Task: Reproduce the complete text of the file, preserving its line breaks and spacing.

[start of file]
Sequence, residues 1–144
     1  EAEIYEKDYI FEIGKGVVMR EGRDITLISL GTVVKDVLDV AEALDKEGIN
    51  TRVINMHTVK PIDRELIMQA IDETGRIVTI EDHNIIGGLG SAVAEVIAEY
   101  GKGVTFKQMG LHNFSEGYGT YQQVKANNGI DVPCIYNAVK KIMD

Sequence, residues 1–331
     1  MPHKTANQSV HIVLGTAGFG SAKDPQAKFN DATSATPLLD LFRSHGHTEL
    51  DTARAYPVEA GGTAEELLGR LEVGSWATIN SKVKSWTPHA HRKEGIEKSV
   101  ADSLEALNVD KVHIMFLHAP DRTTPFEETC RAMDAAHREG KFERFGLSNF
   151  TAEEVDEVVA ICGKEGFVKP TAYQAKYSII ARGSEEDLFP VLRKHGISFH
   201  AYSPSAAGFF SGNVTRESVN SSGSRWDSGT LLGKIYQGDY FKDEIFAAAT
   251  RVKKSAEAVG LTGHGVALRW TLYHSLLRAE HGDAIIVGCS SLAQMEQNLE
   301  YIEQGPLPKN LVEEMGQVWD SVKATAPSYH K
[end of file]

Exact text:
Sequence, residues 1–144
     1  EAEIYEKDYI FEIGKGVVMR EGRDITLISL GTVVKDVLDV AEALDKEGIN
    51  TRVINMHTVK PIDRELIMQA IDETGRIVTI EDHNIIGGLG SAVAEVIAEY
   101  GKGVTFKQMG LHNFSEGYGT YQQVKANNGI DVPCIYNAVK KIMD

Sequence, residues 1–331
     1  MPHKTANQSV HIVLGTAGFG SAKDPQAKFN DATSATPLLD LFRSHGHTEL
    51  DTARAYPVEA GGTAEELLGR LEVGSWATIN SKVKSWTPHA HRKEGIEKSV
   101  ADSLEALNVD KVHIMFLHAP DRTTPFEETC RAMDAAHREG KFERFGLSNF
   151  TAEEVDEVVA ICGKEGFVKP TAYQAKYSII ARGSEEDLFP VLRKHGISFH
   201  AYSPSAAGFF SGNVTRESVN SSGSRWDSGT LLGKIYQGDY FKDEIFAAAT
   251  RVKKSAEAVG LTGHGVALRW TLYHSLLRAE HGDAIIVGCS SLAQMEQNLE
   301  YIEQGPLPKN LVEEMGQVWD SVKATAPSYH K